13. A Charismatic Leader. Present in almost all cults, the leader can be living (Revolutionary Communist Party, FLDS, Larouchites) or dead (Synanon, Scientology, Unification Church). In cases where the leader dies, the cult either fades away (The Source, Synanon), is taken over by a direct relation of the deceased charismatic leader (Unification Church), or is taken over by a member of a pre-existing hierarchy (Scientology).

14. A Hierarchical, Authoritarian Structure. While this is a very common feature of cults, it should be noted that relatively new cults often have little structure. But as time passes, hierarchy and bureaucracy usually arise, as is to be expected in authoritarian setups. If a hierarchy does not arise–this sometimes happens because of the charismatic leader’s fear of take-over attempts–the cult will probably disintegrate upon the leader’s death, unless a new charismatic leader quickly arises to take his or her place.

15. Submission of the Individual to the “Will of God” or to some other abstraction, such as the “dictatorship of the proletariat.” This means abandonment of individual decision making in favor of obeying the “will” of the abstraction as interpreted by the cult. In practice, this means obeying the orders of the charismatic leader or the hierarchy which controls the group.

One outward sign of individual submission to the charismatic leader is the infantilization of members. In many instances, the People’s Temple and Unification Church being examples, members very often refer to and address the leader as “Father.” (In the relatively few cults with charismatic female leaders, such as the Church Universal and Triumphant, members often refer to the cult leader as “Mother.”)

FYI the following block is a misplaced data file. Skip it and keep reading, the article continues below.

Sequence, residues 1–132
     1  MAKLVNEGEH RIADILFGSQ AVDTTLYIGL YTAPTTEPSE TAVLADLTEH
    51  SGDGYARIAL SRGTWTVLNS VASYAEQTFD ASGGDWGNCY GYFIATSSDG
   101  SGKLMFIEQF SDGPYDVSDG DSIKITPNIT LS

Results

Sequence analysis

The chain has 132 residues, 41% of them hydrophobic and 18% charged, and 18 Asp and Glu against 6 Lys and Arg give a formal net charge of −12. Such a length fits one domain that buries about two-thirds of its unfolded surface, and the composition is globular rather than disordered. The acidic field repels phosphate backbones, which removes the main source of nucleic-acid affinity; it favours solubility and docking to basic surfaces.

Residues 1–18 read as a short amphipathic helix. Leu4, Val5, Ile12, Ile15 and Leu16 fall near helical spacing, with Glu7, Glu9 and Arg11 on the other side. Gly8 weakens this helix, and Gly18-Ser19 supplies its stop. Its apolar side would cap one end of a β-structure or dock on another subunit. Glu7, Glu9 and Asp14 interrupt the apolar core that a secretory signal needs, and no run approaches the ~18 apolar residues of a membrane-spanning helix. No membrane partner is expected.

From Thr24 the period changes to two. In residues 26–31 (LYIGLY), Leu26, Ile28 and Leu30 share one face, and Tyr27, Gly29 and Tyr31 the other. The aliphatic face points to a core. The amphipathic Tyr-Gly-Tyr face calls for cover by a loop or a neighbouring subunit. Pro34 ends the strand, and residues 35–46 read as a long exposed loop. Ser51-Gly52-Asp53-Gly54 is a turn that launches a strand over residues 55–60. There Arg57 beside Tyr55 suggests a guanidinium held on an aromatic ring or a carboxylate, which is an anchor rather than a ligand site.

In many cults the submission of the individual is so complete that the charismatic leader and/or hierarchy make all significant life decisions for the individual, up to and including choice of sex and marriage partners. In Synanon, the control of its founder, Charles Dederich, was so complete that he forced all of the male members of his cult, save himself, to undergo vasectomies. He later forced all members to switch sex partners. The leader in “The Source” cult, “Father Yod” also assigned new sex partners to members. And in the Unification Church, the hierarchy picks the marriage partners of members. In that church, it’s common for brides and grooms to meet for the first time at their weddings.

But perhaps the ultimate expressions of the submission of the individual to the “will of God” (that is, the cult) are mass murder, mass suicide. and self-mutilation. The prime example of mass murder and suicide is, of course, Jonestown. The Order of the Solar Temple provided more recent, though smaller scale, examples of such murder and suicide.

As for self-mutilation, the most memorable example was provided by the Heaven’s Gate cult. In it, a majority of the male members of that severely anti-sexual religious group–in order to remove themselves from temptations of the flesh–“voluntarily” submitted to castration prior to the cult’s mass suicide in 1997, in order to somehow join the (of course nonexistent) UFO that cult leader Marshall Applewhite said was in Comet Hale-Bopp’s tail.

 

All Posts in this Series

  • Characteristics of Cults (part 1)
  • Characteristics of Cults (part 2)
  • Characteristics of Cults (part 3)
  • Characteristics of Cults (part 4)
  • Characteristics of Cults (part 5)
  • Characteristics of Cults (part 6)
  • Characteristics of Cults (part 7)
  • Characteristics of Cults (part 8)
  • Characteristics of Cults (part 9)
  • Characteristics of Cults (part 10)